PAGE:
q5 Pearson's r 0.246 0.017 0.073 0.149
p-value 0.007 0.857 0.428 0.105
q6 Pearson's r 0.311 0.060 0.090 0.0431 0.305
p-value <.001 0.515 0.332 <.001 <.001
q7 Pearson's r 0.377 0.145 0.095 0.339 0.337 0.556
p-value <.001 0.117 0.304 <.001 <.001 <.001
q8 Pearson's r 0.102 0.096 0.224 0.215 0.115 0.125 0.140
p-value 0.268 0.300 0.014 0.019 0.214 0.177 0.128
q9 Pearson's r 0.267 0.165 0.171 0.147 0.183 0.181 0.335 0.039
p-value 0.003 0.073 0.063 0.110 0.047 0.049 <.001 0.647
q10 Pearson's r 0.427 0.246 0.313 0.289 0.183 0.310 0.335 0.049 0.523
p-value <.001 0.007 <.001 0.001 0.046 <.001 <.001 0.600 <.001

The highlighted p-values indicate significant/generalisable correlations between questions. The Pearson's r values indicate the strength and direction of the correlation.

The above results show that the respondents agree (M=3.84) to q1 'Men should take the first move in expressing their love interest in women.' The correlation matrix shows that the following statements positively correlates with q1: q3 'Maria Clara is a model of virtue for Filipino women' (p=.005); q4 'Women who court men are flirts' (p=.018); q9 'Most Filipino men do not like women to initiate courting' (p=.003); and more strongly q10 'My faith teaches that women should wait for the man to do the courting.' (R=.427, moderate correlation).[44] The computed r squared[45] points to the following: 6.6 per cent of the belief in q1 is due to q3; 4.67 per cent is due to q4; 7.13 per cent is due to q9, and 18.23 per cent is due to q10.

Alternatively, the following statements negatively correlate with q1: q5 'Women who initiate courting are courageous or possess lakas ng loob' (p=.007); q6 'Women and men are equal and therefore either one has the right to initiate courting' (p<.001); q7 'With digital technologies, it is easier for women to initiate courting' (p<.001).

The respondents 'neither agreed nor disagreed' with q2 (M=2.95) 'Women, in accord to their nature, should be passive in relationships.' The absence of a correlation between q1 and q2 may mean that the belief that it is men who should initiate in expressing love interest does not necessarily mean that women should be passive in relationships. As we have earlier noted, some distinguish between the 'initiating' done by women and that of men, with women leading the men to take their role and responsibility.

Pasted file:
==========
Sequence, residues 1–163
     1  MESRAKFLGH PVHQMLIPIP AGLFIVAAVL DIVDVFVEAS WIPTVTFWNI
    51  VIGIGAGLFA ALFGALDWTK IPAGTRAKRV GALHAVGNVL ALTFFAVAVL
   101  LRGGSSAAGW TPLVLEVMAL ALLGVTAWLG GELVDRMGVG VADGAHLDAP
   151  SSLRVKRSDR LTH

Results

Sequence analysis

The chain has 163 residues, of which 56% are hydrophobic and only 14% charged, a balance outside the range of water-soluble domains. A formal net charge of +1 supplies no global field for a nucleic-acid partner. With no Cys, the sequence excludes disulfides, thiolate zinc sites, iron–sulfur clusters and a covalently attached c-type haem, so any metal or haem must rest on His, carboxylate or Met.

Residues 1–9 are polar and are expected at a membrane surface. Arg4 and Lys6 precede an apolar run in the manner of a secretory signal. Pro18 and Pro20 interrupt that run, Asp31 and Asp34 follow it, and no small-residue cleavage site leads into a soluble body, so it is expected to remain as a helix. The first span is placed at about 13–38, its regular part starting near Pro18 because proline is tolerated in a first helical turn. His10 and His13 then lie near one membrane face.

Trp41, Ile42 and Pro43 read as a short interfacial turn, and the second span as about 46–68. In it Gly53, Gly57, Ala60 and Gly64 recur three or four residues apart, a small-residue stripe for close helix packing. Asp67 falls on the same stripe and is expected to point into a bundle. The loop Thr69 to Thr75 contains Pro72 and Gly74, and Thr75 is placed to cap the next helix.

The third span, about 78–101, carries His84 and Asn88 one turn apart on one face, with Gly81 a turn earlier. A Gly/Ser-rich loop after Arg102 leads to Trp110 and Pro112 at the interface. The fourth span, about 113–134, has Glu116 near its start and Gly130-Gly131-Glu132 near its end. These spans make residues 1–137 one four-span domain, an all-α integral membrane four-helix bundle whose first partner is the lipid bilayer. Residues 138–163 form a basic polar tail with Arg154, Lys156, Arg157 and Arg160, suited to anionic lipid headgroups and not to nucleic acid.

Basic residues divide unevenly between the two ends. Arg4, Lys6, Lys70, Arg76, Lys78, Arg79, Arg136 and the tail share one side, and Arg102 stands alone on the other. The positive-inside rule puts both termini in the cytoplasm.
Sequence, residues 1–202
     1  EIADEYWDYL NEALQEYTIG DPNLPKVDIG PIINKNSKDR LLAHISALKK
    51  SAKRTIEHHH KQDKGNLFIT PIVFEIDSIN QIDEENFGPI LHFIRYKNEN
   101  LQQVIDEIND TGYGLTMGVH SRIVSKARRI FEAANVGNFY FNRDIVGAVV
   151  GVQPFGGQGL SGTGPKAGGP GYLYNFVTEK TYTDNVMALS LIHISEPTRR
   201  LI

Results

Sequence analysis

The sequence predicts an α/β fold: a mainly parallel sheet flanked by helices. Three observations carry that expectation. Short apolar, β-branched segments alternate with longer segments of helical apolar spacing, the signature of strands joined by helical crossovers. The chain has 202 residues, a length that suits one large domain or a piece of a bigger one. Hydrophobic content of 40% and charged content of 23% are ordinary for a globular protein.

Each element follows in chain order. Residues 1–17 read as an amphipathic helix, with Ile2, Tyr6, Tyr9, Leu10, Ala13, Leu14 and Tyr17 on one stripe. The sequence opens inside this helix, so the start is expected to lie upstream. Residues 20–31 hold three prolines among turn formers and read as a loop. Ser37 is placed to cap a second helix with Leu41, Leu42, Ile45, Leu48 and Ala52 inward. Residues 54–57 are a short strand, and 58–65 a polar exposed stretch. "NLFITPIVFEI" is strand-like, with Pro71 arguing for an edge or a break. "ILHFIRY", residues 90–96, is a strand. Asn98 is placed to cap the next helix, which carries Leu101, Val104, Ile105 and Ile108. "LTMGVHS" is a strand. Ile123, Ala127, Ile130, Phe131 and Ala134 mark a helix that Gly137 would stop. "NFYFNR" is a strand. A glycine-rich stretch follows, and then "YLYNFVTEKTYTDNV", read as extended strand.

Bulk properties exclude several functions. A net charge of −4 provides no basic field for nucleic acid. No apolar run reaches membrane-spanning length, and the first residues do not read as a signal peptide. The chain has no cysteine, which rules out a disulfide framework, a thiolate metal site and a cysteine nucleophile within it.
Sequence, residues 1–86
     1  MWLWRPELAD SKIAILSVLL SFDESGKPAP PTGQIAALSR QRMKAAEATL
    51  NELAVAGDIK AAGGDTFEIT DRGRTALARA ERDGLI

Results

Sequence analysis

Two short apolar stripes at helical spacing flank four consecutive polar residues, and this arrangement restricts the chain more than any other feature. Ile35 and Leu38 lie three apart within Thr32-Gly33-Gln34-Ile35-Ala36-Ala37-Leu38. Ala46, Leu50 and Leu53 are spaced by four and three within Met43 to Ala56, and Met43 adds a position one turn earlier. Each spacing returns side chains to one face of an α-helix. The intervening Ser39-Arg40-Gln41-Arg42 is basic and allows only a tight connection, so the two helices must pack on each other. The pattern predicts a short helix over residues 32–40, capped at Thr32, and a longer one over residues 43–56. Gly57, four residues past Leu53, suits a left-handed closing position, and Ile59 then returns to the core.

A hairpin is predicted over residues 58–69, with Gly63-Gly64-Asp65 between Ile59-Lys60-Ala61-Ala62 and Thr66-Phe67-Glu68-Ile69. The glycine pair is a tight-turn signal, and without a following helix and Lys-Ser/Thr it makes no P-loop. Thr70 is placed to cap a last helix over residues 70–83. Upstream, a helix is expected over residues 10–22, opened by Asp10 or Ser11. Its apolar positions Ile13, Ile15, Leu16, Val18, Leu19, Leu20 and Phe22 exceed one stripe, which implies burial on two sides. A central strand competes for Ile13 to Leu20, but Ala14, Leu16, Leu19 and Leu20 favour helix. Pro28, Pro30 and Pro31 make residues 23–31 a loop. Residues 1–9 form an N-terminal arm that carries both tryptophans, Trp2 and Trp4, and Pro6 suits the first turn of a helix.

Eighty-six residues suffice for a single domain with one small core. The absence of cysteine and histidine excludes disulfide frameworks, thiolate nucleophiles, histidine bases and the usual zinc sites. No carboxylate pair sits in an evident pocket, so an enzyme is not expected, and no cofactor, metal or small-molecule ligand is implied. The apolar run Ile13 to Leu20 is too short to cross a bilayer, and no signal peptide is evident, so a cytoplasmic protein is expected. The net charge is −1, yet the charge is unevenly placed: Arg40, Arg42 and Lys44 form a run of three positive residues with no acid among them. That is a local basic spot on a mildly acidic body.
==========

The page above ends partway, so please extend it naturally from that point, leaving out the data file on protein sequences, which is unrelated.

The respondents agree with q3 (M=3.88) 'Maria Clara is a model of virtue for Filipino women.' This correlates not only with q1 but also q2 suggesting that the belief in Maria Clara as a model of virtue may stem from a basic conviction in the passive nature of women (p<.001; R=.449).

While the respondents agreed that it is men who must do the initiating, the respondents generally do not regard women who take the initiative as flirts. Most of them disagreed with q4 (M=2.0) that 'Women who court men are flirts.' The standard deviation is high intimating a degree of variation in the responses from the mean. A negative correlation between q6 and q4 (p<.001) implies that the belief in q4 'Women who court men are flirts' may be rooted in a rejection of q6 'Women and men are equal and therefore either one has the right to initiate courting.' However, this interpretation needs to be nuanced. It may also be the case that what is rejected is not the equality of women and men but simply the right to initiate courting. Some see this as an issue of differentiation in roles. Similarly, q7 has a negative correlation with q4 (p<.001). The belief in q4 'Women who court men are flirts' may be due to the rejection of q7 'Women should have the freedom to initiate courting.'

At the same time that the respondents agreed that men should do the initiating, they also affirmed q6 (M=3.93) 'Women and men are equal and therefore either one has the right to initiate courting' and q7 (M=3.85) 'Women should have the freedom to initiate courting.'

The statement with the highest computed mean is q5 (M=3.94) 'Women who initiate courting are courageous or possess lakas-ng-loob.' A positive correlation between q6 and q5 (p<.001) suggests that q5 the view that 'Women who initiate courting are courageous or possess lakas ng loob' may be premised on any of the following beliefs: q6 'Women and men are equal and therefore either one has the right to initiate courting' and; q7 'Women should have the freedom to initiate courting.' It negatively correlates with q9 'Most Filipino men do not like women to initiate courting' and q10 (p=.047) 'My faith teaches that women should wait for the man to do the courting.'